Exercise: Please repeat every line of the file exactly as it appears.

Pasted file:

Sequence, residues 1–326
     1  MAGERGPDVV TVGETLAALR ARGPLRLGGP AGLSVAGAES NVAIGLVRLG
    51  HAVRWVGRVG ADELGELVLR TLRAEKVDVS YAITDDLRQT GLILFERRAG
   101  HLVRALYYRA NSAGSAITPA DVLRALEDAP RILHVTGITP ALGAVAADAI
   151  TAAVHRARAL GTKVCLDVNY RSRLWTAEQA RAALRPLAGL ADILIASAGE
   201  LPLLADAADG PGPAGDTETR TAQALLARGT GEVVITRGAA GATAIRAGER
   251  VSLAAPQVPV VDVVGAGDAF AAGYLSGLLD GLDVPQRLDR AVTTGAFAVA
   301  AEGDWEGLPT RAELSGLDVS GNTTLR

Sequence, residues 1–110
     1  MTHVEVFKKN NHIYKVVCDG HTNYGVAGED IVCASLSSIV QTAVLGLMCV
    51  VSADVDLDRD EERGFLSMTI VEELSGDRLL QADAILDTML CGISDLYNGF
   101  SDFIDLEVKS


Sequence, residues 1–326
     1  MAGERGPDVV TVGETLAALR ARGPLRLGGP AGLSVAGAES NVAIGLVRLG
    51  HAVRWVGRVG ADELGELVLR TLRAEKVDVS YAITDDLRQT GLILFERRAG
   101  HLVRALYYRA NSAGSAITPA DVLRALEDAP RILHVTGITP ALGAVAADAI
   151  TAAVHRARAL GTKVCLDVNY RSRLWTAEQA RAALRPLAGL ADILIASAGE
   201  LPLLADAADG PGPAGDTETR TAQALLARGT GEVVITRGAA GATAIRAGER
   251  VSLAAPQVPV VDVVGAGDAF AAGYLSGLLD GLDVPQRLDR AVTTGAFAVA
   301  AEGDWEGLPT RAELSGLDVS GNTTLR

Sequence, residues 1–110
     1  MTHVEVFKKN NHIYKVVCDG HTNYGVAGED IVCASLSSIV QTAVLGLMCV
    51  VSADVDLDRD EERGFLSMTI VEELSGDRLL QADAILDTML CGISDLYNGF
   101  SDFIDLEVKS